AUSTRALIAN short track referee Jim Hewish is under police protection in Vancouver..
Hewishr raised the ire of the Korean speedskating team and its fans by disqualifying its women's 3000m relay on Thursday.
A bomb threat was made by a disgruntled fan against the Australian embassy in Seoul the next day but was later described as a hoax. However it is understood that threats have also been made against Hewish personally and his house in Sydney has been placed under guard.
Yes, there was a bomb threat made to the Australian embassy in Seoul:
Major Korean internet news website Joins.com reported the embassy was searched for 40 minutes and five staff were evacuated.
Officials at the embassy confirmed the incident with AAP, a staff member saying it turned out to be a hoax but "Korean authorities responded very quickly and it was resolved".
Joins.com reported Kim was angry that Australian short track speed-skating judge Jim Hewish had disqualified the Korean team from the women's 3000m relay final after their last skater crossed the line first on Wednesday (Vancouver time).
Hewish was the referee who disqualified Kim Dong-sung in 2002, a decision that gave Ohno the gold, and the Korean coach was prepared for that:
"Before the race, I told the players to be careful because the chief referee was the same one who disqualified Kim Dong-sung (at the Salt Lake Olympics in 2002). But it happened again,'' Choi said.
Some Korean netizens called for a boycott of Australian products and put up contact information to the Australian Amateur Ice Racing Council, believing, like they did in the aftermath of their 2006 World Cup loss, that a large number of protest letters would force a rematch. Others posted Hewish's address, including a map to his house
This latest news come via commenter ElCanguro on a Marmot's Hole on The Marmot's Hole, and a follow-up Marmot's Hole post, and he wrote on my site:
I wonder if the netizens realise that they've blown any chances of Pyeongchang getting the winter Olympics anytime soon or Korea getting the 2022 World Cup with their childish, passive-aggressive displays behind the computer.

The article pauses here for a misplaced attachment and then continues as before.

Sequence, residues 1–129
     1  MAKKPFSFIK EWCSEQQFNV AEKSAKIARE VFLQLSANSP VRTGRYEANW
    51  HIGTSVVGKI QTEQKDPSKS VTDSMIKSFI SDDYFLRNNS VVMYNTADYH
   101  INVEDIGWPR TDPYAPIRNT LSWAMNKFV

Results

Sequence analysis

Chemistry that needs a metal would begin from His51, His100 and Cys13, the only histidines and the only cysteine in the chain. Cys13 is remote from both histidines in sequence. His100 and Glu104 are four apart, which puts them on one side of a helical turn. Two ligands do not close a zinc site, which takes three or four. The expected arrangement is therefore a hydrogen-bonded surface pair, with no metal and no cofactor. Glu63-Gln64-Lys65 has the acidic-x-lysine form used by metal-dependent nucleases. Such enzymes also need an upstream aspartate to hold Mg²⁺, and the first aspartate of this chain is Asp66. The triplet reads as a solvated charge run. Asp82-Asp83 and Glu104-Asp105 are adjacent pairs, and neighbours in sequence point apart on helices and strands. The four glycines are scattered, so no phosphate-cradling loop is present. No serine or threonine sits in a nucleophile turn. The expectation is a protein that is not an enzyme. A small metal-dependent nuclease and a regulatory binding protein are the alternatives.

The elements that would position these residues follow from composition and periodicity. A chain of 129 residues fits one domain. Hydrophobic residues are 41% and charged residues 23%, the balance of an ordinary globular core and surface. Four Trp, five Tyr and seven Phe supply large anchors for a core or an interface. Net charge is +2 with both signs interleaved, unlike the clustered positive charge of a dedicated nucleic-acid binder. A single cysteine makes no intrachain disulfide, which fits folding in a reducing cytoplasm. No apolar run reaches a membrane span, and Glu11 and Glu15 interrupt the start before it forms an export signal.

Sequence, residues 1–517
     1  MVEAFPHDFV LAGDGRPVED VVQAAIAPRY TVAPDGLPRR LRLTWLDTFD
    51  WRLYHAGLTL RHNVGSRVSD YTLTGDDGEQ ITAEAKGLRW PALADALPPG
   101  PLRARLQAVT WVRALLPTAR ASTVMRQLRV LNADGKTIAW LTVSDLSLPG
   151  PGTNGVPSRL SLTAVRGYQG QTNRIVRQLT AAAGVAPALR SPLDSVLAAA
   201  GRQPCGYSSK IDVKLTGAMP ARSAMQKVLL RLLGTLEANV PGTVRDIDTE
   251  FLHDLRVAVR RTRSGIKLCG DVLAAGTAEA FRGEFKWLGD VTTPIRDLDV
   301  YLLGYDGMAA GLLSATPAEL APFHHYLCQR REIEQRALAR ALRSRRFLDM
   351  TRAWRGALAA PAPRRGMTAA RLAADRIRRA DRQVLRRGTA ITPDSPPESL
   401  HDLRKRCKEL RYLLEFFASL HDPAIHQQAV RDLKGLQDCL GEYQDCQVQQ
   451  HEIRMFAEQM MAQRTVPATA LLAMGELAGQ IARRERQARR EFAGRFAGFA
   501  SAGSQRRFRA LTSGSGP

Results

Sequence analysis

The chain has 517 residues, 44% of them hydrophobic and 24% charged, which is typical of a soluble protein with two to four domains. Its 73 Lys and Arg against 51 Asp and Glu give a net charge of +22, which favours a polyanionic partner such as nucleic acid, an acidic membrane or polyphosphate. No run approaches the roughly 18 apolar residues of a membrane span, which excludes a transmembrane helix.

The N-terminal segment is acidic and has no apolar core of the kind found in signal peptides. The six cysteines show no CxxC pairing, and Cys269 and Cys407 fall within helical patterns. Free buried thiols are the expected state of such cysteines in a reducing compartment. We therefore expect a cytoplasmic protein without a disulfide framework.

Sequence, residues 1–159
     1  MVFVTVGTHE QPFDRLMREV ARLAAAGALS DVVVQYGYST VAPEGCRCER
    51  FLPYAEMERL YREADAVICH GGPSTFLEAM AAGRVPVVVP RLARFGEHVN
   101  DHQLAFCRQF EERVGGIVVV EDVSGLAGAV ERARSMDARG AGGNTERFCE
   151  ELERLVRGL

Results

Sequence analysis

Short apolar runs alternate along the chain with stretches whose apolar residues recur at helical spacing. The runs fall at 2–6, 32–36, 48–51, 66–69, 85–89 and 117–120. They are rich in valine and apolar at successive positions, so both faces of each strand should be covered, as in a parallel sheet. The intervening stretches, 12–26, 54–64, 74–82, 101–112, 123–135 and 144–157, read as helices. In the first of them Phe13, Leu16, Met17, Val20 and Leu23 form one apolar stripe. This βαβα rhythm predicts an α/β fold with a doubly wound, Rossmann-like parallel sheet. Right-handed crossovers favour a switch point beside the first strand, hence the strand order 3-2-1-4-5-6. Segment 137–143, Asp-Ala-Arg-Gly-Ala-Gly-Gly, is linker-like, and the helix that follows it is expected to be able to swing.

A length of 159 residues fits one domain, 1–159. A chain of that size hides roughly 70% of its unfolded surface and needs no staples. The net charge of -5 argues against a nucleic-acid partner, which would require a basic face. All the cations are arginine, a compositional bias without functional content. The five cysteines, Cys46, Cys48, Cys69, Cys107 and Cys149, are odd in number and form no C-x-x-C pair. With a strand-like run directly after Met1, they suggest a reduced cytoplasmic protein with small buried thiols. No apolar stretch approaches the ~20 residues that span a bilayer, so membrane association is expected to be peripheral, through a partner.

Indeed, there is a disturbing trend of Korean threats and overreaction to perceived slights in international competition. A Korean commenter on my post yesterday wrote:
There is always e-mail threatening after any events (sports, business closing tables, and etc). But many times, I see some of those threatening pictures as the expression and voice of anger, requesting, and asking for the justice. I see this kinds of threatening everywhere; some are small and some are big. With these kinds of expression of media or posts should be viewed as voices instead of annoying things.
Rather than appreciating "asking for the justice," I suspect event organizers will be alarmed that their officials are subject to threats and violence should a decision go against Korea. I've had to write countless times that no, the actions of these enthusiastic netizens are not representative of all Koreans, but it should be the responsibility of Koreans as a whole to preach against these outbursts and go through the proper channels to find "justice," if they continue to feel listening to a referee's decision is unjust or an improper channel. Then again, when we see how Korean lawmakers express themselves in the National Assembly when they feel slighted, there might be issues larger than simply sports.
A small collection of netizen artwork found on blogs and messageboards.